Summary for the Busy Executive: At arm's length.
Rawsthorne is one of those composers, like his compatriot Humphrey Searle, more on the edge of consciousness, even among aficionados, than a particularly active cause. In his lifetime, he enjoyed a reputation as a symphonist and managed to evade the neglect visited on so many tonal British composers after the Second World War. William Glock's BBC, which beat the drum for the European avant-garde, actually played him, and without condescension, to boot. It strikes me as curious. There's nothing particularly far-out about Rawsthorne's music – neither wilder nor woollier than Rubbra's – and yet Rawsthorne's work somehow avoided the stigma of the passé. Who knows why? Fashion follows strange paths – viz., the fadeaway, the plantation hat, and the Nehru jacket.
Musically, Rawsthorne derives from Walton, particularly the Walton of the First Symphony, a tremendously influential work among the young British composers of the Thirties. Nevertheless, Rawsthorne also went his own way fairly quickly. One can see this as early as the Symphonic Studies of 1939, a piece in one large movement that many other writers wouldn't have hesitated to call a symphony. One hears in it some lingering Waltonianisms, but overall the piece takes on a flintier quality than Walton as well as an idiosyncratic structure that bespeaks an architectural mind that goes beyond Walton's usual satisfaction with received forms. The Symphonic Studies combine one-movement symphony, variation, as well as the Schoenbergian process of continual variation, although I have no idea whether Rawsthorne had actually heard Schoenberg at this time. A motto-theme generates the entire work, reappearing in various guises, colors, tempi, and moods at the beginning of each of the six major sections of the piece. Each section is beautifully worked and the whole carefully and subtly shaped. Often, you find yourself in the middle of a new section without an immediate idea of how you got there, even though you've not lost attention. You figure out in retrospect how he got you from here to there. The finale features an allegro fugue, based on the motto (naturally), carried on mainly in the brass, and the piece ends in a blaze of very full chords. For me, this counts as one of the great British scores.
Written for Evelyn Rothwell, the oboe concerto, like most for the instrument, sings altogether more lightly, at least as far as structure goes, the composer evoking baroque forms, like the French overture first movement, the minuet second, and the gigue third. Yet even here, we speak only relatively. The composer generates an entire concerto out of perhaps three motives, two of which seem cousins. The emotional core of the work – though not as severe as Rawsthorne's usual – nevertheless contains its share of disconcert, because that seems part and parcel of Rawsthorne's neo-Romantic language.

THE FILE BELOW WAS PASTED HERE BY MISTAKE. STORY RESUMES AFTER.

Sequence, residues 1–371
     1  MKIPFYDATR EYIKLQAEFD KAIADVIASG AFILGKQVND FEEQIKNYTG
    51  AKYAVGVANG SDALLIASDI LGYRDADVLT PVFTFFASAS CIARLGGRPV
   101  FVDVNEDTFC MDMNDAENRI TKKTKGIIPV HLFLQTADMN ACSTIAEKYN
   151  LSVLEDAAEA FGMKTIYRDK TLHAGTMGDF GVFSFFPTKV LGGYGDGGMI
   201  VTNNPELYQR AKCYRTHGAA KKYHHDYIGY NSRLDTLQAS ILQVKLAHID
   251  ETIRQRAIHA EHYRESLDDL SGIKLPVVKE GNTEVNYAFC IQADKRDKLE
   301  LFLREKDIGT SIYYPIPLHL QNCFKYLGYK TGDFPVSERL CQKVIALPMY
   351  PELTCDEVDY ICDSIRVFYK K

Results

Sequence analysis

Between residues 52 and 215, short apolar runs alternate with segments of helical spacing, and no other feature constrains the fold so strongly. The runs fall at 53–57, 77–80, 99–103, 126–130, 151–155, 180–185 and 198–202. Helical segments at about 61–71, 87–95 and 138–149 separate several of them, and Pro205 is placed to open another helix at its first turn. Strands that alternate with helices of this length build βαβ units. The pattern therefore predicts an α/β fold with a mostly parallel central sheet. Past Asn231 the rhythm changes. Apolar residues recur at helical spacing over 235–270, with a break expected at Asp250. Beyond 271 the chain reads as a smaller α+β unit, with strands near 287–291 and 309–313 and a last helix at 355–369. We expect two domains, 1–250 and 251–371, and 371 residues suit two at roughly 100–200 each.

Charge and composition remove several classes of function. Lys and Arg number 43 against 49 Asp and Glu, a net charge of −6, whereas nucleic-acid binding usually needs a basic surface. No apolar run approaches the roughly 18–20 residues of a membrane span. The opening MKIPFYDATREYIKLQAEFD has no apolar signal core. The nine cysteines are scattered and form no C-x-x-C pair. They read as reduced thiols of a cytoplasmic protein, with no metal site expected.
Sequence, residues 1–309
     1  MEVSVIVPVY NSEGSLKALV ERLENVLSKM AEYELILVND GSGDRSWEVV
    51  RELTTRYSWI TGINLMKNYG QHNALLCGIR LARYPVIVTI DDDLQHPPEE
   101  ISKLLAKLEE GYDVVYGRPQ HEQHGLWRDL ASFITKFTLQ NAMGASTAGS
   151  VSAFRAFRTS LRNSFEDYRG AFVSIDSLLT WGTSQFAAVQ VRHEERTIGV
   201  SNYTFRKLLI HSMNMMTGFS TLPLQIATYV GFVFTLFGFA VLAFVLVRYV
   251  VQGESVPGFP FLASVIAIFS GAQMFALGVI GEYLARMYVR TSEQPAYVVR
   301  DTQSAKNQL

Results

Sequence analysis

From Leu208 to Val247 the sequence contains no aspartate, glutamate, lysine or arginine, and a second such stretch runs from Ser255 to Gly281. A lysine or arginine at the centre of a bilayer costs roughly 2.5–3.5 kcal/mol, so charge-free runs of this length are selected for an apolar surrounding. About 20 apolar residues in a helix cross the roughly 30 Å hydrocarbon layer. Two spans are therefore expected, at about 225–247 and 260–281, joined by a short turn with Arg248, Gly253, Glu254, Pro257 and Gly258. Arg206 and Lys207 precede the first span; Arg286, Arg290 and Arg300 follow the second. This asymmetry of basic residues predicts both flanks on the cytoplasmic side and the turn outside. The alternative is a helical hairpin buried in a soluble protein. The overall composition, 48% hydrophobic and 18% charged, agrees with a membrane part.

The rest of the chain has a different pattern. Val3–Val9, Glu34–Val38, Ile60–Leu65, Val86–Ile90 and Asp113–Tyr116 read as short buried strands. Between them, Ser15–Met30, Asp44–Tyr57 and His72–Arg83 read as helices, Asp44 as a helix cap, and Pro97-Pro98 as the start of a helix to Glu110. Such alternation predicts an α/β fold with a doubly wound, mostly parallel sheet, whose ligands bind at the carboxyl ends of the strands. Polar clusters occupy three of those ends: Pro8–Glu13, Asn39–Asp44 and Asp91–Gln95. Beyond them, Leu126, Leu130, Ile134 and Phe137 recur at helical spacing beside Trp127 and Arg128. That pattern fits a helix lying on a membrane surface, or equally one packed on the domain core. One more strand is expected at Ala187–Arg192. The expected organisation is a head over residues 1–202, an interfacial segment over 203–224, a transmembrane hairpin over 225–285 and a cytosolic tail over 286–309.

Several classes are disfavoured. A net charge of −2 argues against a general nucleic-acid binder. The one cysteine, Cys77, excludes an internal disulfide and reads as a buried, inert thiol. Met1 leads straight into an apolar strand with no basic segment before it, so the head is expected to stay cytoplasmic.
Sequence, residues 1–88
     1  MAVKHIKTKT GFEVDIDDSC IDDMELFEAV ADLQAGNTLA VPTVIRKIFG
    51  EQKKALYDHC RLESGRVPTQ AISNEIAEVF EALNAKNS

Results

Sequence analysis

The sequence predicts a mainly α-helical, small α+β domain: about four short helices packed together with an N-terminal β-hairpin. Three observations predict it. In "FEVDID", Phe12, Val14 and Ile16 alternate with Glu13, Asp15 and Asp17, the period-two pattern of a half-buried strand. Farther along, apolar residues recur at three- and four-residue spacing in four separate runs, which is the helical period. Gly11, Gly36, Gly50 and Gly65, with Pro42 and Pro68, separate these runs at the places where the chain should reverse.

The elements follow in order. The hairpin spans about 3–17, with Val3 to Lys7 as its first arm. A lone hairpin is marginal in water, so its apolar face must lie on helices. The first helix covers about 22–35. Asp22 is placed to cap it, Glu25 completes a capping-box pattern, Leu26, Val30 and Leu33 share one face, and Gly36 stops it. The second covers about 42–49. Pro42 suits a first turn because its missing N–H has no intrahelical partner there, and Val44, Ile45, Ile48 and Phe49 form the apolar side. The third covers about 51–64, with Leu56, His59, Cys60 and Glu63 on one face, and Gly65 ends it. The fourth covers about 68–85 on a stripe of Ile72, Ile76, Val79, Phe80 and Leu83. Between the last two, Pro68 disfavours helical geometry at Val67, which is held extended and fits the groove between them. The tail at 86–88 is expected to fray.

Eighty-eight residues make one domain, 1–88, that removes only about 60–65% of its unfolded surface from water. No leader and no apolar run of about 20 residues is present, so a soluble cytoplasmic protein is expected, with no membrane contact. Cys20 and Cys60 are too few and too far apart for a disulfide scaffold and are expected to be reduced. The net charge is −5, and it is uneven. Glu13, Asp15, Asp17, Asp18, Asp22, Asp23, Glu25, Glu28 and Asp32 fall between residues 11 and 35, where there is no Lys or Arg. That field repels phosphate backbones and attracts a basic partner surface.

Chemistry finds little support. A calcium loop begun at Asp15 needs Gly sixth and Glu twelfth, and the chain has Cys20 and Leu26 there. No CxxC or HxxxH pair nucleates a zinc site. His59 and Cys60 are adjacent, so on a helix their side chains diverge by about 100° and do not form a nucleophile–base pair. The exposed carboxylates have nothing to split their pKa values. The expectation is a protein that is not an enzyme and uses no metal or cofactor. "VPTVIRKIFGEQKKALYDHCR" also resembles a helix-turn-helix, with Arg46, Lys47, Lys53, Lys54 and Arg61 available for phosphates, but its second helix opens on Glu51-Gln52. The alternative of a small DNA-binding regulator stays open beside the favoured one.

The cello concerto appears late in Rawsthorne's output, after the appearance of such seminal works as the Third Symphony. Rawsthorne always showed an inquiring, questing mind, within the bounds of a strongly-defined musical personality. The influence of Schoenberg becomes more pronounced, the harmonic idiom freer, though still within a tonal context. If anything, Rawsthorne's music becomes even more granitic as he goes on. The cello concerto I think the finest of all his concerti – the biggest in feeling, the most masterful in its handling of the interplay between soloist and orchestra. The soloist gets an heroic part, as in something like the Dvořák or Bloch's Schelomo. Yet, I admit that, unlike those classics, this concerto keeps a listener at arm's length. There's great emotion, but no chance for the listener to indulge in wallow. I'd compare it to the enigmatic parts of the Brahms Double Concerto, a work I admire and even love, but some listeners may be put off. A structural marvel, the first movement, subtitled "Quasi Variazioni," is actually an extended discourse of continual variation of a cell, rather than separate variations as such. One feels it as the composer intended, a "continuous piece." The second movement, in many ways the most daring, plays with two themes – the first acting like a frame around a middle section of the second. The middle section dangerously flirts with stasis. The "theme" consists of basically two notes against a chordal background. The music seems to grind to a halt and then slowly rouse itself back to the first section. The finale takes the theme of the first movement and retrofits it into new ideas. You never know quite where in the new material it will turn up. At one point, it becomes the end of a fugal subject. The movement exercises not only the composer's wit, but the listener's as well.
The performances range from a terrific Symphonic Studies to an okay oboe concerto. Not that there's anything wrong with the oboe concerto. It's simply a piece that doesn't invite a range of interpretation. The cello concerto is an altogether more complicated affair. It's a piece that needs years of performance to reveal itself in full. This is a good first recording. We can only hope for others. Cellist Alexander Baillie gives a reading full of striving, some of which comes off, some of which doesn't. I'd say the same of Lloyd-Jones. They are at their best in the first two movements and lose focus in the third. Still, a respectable première.
Copyright © 2007, Steve Schwartz